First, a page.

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Artificial Intelligence Art
EURO(RE)VISION

EURO(RE)VISION
© Libby Heaney

Imagining Merkel and May taking part in the Eurovision song contest!
Inspired by Dada poetry, the art installation Euro(re)vision explores the relationships between artificial intelligence, politics and pop culture. Read about what inspired the artist to come up with such an art installation.

Merkel or May, who will win this year's Euro(re)vision?
This is one competition May actually won...
She is far more expressive and gives dancing a go (even if her dancing is a glorious failure). Merkel might be considered a better leader, but her almost regal facade stays in place during this song contest.

Tell us a bit more about your project. What is Euro(re)vision?
Euro(re)vision is a moving image artwork and installation where Theresa May and Angela Merkel perform dada poetry in a Euro(re)vision song contest setting. It uses deep learning faceswap algorithms to allow me to look like these politicians as I perform. The dada poetry was composed by three machine learning algorithms that were able to reimagine language at the level of characters and symbols and were trained 'wrongly' on political debates from the House of Commons and the Bundestag (German Federal Parliament).

How did you come up with the idea to have Merkel and May compete in a dadaist song contest?
I've been exploring how we can make 'good noise' with machine learning algorithms in my practice for a while. To me 'good noise' means using these systems in ways for which they were unintended - to shake them, almost to breaking point, to see what comes out, to see ourselves anew. I like the idea of creating nonsense from political debates, a type of dada sound poetry, that criticizes current political rhetoric. It then felt natural to perform this dadaist song as May and Merkel. Swapping my face with May's and Merkel's questions the ethics of machine learning and its connections to politics, since we now live in a world where we can use AI to literally put words into politicians mouths. But I also wanted to propose a positive future, and not just be critical. Towards the end of the song, the English and German languages merge together and May and Merkel perform the same words simultaneously. I like the idea of being united through new hybrid languages.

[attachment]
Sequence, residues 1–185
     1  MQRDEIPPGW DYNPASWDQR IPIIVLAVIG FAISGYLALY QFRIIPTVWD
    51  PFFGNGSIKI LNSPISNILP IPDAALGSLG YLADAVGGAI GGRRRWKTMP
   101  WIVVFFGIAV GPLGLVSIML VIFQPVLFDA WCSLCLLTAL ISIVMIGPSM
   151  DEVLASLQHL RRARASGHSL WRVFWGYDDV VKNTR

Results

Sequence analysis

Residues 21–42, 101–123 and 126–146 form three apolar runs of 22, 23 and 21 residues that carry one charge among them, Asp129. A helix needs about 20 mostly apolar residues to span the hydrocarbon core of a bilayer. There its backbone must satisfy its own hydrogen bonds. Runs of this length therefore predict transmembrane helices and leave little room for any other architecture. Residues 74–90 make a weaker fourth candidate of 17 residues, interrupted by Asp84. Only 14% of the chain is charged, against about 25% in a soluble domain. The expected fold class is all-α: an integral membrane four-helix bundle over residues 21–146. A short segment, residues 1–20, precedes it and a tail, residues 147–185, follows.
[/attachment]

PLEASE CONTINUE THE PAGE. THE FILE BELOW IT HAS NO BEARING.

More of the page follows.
by Libby Heaney
How did you create the footage?
Firstly, I watched hours of political speeches of both May and Merkel and mapped their gestures to create a library of movements I could use in the performance (I also watched a few of May's dances too). Lulu’s 1969 Boom Bang A Bang Eurovision Song also inspired May’s performance. This song was chosen for Lulu to perform at the contest by popular vote over more known options by the likes of Elton John and others. After it won the song contest, Lulu said: "I know it’s a bad song but I won so I don’t care". Nicole’s Ein bisschen Frieden (A Little Peace) 1982 Eurovision winning song partly inspired Merkel’s performance and also Josh Brain’s guitar arrangement for the artwork.
Echo Ru Yi assisted me in filming the piece against a green screen. I then used two deep learning faceswap models to convert my face to May's and Merkel's - it took around a day to train each model to 'see' me as May and Merkel. Then I had to break all the footage into individual frames, extract my face from each one, and use the faceswap model to replace my face with theirs. Finally I had to recompose all the frames back into video and then edit. It was a long process.

Are you a fan of the Eurovision Song Contest?
Yes, it's fun! But I don't take it very seriously (as you can tell).

What does Europe mean to you?
I am pro-Europe. I lived in Freiburg Germany for my Erasmus year and have worked as an artist and physicist in many countries. I think it's extremely important to build bridges rather than walls. I'm very sad about what is currently happening with Brexit, here. I like to believe that humourous art such as Euro(re)vision may help to mend some of the wounds that have opened up between Leave and Remain votes in the UK.

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